After eating at Bonjardim, we walked around Avenida da Liberdade and Rossio Square and lined up for 15 minutes for the Santa Justa Elevator (before deciding that 20 euros was not worth it for a minute ride on the elevator). We ended up just walking up the hill shopped in Chiado.
While waiting for my brother’s Portuguese football jersey to be engraved with Ronaldo, we went to our next food stop: Café a Brasileira, one of the oldest and most famous café in Lisbon. We got a table inside and waited for our server to come around, WHICH HE NEVER DID. He was off stacking plates, even when there was already couple stacks of clean plates. A lot of customers were complaining at this point. Then around 25 minutes after we got our table, he began to take orders from one end of the cafe to the other end. When our table was next, he went back to the tables at the other end (where he already took the orders). I was beyond pissed because he totally ignored us. We waited for 35 minutes and have not been served yet. We got up, left and Café a Brasileira left a bitter impression, even if I haven’t even tried their coffees. (This café doesn’t even deserve it’s own post for me to rant.)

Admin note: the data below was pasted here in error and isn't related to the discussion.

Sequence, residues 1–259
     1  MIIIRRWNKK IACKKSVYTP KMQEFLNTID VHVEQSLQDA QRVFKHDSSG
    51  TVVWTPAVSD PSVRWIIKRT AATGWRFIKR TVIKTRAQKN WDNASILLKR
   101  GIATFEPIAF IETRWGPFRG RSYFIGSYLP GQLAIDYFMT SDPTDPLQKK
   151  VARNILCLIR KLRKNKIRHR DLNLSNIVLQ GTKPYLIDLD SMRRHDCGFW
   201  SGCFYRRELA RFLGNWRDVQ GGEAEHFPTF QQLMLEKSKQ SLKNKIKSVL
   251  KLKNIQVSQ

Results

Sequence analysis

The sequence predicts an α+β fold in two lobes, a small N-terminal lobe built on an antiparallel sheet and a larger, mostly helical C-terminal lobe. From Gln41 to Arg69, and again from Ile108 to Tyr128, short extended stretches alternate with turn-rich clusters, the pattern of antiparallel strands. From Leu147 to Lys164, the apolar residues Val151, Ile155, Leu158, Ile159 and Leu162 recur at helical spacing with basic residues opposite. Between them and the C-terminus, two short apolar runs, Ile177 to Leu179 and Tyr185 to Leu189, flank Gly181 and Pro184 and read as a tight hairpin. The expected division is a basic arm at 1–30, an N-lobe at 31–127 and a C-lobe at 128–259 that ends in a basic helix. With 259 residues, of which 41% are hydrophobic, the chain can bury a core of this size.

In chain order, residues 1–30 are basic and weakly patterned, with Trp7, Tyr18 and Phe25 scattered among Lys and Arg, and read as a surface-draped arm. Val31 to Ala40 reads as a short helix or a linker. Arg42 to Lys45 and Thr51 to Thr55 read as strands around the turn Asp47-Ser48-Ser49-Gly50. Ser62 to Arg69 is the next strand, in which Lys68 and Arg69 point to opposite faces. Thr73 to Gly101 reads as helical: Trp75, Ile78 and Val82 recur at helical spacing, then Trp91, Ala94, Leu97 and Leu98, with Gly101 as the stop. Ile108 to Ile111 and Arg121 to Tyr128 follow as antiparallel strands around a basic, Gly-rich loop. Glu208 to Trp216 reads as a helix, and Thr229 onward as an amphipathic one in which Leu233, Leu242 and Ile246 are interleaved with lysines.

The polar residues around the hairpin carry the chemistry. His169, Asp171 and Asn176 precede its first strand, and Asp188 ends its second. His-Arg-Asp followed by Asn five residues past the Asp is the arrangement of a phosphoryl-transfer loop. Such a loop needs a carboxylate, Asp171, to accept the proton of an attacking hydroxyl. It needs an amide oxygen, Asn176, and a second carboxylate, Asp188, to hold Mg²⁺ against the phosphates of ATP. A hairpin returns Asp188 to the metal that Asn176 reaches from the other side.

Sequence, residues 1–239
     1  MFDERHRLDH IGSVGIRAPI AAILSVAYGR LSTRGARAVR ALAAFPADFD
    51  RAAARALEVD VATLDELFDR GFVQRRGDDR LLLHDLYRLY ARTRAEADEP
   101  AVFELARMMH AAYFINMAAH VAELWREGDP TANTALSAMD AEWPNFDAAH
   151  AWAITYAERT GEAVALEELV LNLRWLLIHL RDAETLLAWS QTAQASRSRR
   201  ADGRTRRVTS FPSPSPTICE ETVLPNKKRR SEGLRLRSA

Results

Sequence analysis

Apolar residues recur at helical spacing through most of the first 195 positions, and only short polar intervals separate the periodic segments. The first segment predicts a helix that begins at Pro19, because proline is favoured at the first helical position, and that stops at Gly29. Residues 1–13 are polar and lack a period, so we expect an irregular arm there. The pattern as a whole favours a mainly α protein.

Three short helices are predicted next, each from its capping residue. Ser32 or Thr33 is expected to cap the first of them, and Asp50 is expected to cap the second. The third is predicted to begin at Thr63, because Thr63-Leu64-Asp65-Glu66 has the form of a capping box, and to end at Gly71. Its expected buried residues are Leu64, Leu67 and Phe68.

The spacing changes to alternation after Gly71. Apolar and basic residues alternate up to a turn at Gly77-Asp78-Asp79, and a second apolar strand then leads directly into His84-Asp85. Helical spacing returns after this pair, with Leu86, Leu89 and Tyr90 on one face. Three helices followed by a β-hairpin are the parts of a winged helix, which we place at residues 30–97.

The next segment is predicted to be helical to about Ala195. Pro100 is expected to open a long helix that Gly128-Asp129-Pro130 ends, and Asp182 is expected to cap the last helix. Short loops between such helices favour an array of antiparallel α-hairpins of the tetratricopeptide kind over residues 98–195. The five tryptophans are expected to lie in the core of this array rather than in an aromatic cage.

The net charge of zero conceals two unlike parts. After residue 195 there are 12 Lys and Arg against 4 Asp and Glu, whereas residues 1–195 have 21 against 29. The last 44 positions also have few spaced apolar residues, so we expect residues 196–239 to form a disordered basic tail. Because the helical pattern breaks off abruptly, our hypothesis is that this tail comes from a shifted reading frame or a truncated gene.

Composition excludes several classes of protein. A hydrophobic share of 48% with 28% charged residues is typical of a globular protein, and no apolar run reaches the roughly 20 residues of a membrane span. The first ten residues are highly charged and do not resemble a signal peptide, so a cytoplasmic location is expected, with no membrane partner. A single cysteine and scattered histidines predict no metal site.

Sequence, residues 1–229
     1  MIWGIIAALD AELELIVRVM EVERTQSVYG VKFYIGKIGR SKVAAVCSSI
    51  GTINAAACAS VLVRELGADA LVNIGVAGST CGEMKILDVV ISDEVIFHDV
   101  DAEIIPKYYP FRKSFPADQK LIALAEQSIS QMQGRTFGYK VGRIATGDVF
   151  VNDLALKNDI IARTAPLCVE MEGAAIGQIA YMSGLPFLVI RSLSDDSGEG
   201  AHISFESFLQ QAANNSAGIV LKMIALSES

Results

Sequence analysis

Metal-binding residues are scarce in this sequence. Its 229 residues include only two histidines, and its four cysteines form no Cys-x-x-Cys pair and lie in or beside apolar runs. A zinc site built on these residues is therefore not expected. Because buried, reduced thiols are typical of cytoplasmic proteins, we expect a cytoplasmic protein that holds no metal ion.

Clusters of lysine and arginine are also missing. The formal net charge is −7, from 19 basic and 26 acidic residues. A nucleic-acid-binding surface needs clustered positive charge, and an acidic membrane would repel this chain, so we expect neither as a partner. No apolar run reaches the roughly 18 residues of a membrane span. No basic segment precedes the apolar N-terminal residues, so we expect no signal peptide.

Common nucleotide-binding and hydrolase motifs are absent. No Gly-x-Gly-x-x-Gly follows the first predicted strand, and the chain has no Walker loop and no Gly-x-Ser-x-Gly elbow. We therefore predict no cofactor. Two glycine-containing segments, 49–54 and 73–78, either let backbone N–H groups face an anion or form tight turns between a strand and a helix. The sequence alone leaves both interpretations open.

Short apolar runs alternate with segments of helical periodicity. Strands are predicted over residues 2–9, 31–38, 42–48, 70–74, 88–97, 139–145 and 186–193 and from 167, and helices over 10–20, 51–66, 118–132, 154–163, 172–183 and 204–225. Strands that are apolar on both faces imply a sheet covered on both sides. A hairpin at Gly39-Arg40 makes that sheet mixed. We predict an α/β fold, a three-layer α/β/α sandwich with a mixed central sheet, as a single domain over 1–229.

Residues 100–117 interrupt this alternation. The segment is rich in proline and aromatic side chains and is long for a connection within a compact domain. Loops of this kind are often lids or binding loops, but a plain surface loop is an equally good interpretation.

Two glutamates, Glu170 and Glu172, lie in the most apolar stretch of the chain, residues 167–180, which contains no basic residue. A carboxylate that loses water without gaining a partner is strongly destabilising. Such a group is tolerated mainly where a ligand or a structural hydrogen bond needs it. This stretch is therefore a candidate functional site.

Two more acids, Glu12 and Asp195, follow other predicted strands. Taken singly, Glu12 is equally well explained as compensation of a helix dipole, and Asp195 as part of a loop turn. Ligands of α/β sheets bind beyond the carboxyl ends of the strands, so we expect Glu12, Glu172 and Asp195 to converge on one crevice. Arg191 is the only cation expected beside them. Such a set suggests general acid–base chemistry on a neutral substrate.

After picking up the jersey, we headed for dinner at Cervejaria Trindade, a combination of German beer hall and Portuguese tavern.
It was built on the foundations of the 13th-century convent, which was destroyed by the 1755 earthquake and was rebuilt. In 1834, this place became a beer factory and restaurant. The walls are covered with 18th century azulejos (traditional Portugues decorative tiles), depicting the seasons and also Portuguese scenes.
shellfish rice a la friar scoundrel (Malandro rice and prawns, lobsters, mussels, clams)… the rice was al dente but the risotto we had the previous night at 100 Maneiras was more flavourful.
The food was pretty good but it’s the environment and history that makes this restaurant special.
FAIM? OUI OUI!!
Rua Nova da Trindade 20
213 423 506